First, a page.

“Imagine that when going from Taipei to Taichung you need to pass a dozen checkpoints. For every checkpoint the guard looks at your ID card or permit and says ‘it’s not real. You bought it, didn’t you.’ You then give him money, and he let’s you pass,” Midi Z says of his experiences traveling through Burma.
Escorted to the airport by an agent who “took every opportunity to swindle money” out of him and fellow emigres, Midi Z left home and didn’t return for 10 years.
As in his 2009 short film The Man From Hometown (家鄉來的人), which starred the director’s childhood friend Wang Shin-hong (王興洪), young Burmese like Midi Z came to Taiwan under great pressure to pay off debts and send money home.
“I chose to study printing [in high school] because I figured since I was already familiar with photography, I could spend less time in school and more time working,” Midi Z says.
He soon took to filmmaking for the same pragmatic reason. Together with Wang, the young director made close to 20 short films while still in school, most of which were intended to win cash prizes.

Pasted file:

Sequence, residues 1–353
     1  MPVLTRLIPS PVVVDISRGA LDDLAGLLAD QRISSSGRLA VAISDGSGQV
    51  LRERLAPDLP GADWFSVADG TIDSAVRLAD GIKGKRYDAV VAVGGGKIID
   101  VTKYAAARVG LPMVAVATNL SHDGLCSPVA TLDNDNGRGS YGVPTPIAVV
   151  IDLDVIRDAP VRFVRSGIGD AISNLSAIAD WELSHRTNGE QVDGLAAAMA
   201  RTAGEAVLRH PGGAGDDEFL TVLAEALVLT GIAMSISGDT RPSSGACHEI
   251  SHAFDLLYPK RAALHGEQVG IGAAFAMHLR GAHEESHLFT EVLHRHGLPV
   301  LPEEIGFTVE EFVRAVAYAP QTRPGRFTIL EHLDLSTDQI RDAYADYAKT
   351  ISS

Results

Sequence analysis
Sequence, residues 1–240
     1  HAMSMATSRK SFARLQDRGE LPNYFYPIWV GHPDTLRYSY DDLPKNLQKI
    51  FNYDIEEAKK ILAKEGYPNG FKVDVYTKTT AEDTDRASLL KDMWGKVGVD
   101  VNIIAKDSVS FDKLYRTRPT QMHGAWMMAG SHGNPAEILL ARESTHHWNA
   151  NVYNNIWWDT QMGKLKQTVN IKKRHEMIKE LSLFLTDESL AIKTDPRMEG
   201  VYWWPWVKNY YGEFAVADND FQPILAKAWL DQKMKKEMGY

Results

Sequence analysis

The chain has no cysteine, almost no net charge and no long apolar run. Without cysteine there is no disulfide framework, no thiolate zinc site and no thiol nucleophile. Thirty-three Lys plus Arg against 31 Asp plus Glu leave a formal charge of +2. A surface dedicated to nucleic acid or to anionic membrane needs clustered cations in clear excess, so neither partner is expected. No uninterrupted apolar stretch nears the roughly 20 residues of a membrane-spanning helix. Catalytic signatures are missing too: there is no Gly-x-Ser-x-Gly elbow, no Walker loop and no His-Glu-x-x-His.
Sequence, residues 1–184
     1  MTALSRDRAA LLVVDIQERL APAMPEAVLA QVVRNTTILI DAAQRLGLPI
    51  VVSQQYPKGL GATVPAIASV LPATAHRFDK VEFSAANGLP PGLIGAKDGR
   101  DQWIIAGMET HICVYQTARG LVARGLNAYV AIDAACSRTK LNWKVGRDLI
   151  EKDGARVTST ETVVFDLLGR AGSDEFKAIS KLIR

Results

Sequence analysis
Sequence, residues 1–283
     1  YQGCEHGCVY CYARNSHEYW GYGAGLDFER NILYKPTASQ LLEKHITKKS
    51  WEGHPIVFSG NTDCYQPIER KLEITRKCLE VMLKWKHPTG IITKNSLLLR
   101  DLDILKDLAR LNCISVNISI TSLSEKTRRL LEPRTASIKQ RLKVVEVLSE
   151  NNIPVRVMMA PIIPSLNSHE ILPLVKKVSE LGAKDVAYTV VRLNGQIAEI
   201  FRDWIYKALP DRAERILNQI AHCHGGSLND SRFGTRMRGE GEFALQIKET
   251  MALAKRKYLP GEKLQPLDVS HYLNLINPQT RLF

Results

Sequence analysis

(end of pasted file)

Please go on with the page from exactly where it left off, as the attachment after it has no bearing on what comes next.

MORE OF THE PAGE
“To us, making movies was never a dream, but a way to make a living,” he says.
Nevertheless, the pragmatist’s talent soon became apparent. Paloma Blanca, Midi Z’s graduation project in the Department of Industrial and Commercial Design at the National Taiwan University of Science and Technology (國立台灣科技大學) received acclaim and was invited to several international film festivals.
In 2009, the director was selected to become a member of the Golden Horse Film Academy, a project initiated by Hou Hsiao-hsien (侯孝賢) to train new talent. Midi Z made Huasin Incident (華新街記事), which tells the story of a group of Burmese youth living in Taipei caught between two equally tough choices: live in Taiwan as an illegal immigrant and be subjected to constant discrimination, or live a life of poverty in Burma.
Wanting to re-connect with his home country, Midi Z returned to Burma at the height of the 2010 democratic elections and made his debut feature, Return to Burma. A semi-autobiographical work about a returning Burmese emigrant, the film is said to be the first one shot in the sealed country to go international.
With a low-tech, documentary feel, Midi Z’s feature debut was made by a three-man crew, including the director himself, using a cheap digital camera.
“It requires years of studying the limited equipment you could lay your hands on,” the director says. “People from my hometown don’t rely on others. We use our labor to make things work.”
To make a movie in Burma also requires shooting without a permit as Midi Z’s films of contemporary Burmese society would never meet with official approval because authorities demand “permission for everything.”
“The authority doesn’t allow works that touch on real life. For example, you can’t shoot in a tea house because tea houses are dingy, and because people discuss politics there. There are simply too many problems in Burma that the government doesn’t want people to know about,” the director says.